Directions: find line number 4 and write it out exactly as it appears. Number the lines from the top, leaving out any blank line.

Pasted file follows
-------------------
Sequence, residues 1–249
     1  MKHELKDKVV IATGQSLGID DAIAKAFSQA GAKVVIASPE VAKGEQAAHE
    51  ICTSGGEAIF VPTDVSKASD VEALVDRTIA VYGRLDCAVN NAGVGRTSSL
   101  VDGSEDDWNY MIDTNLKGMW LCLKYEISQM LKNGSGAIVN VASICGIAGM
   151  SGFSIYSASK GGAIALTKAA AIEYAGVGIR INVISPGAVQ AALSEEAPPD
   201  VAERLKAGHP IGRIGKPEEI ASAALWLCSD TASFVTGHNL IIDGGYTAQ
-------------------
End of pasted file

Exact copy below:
   101  VDGSEDDWNY MIDTNLKGMW LCLKYEISQM LKNGSGAIVN VASICGIAGM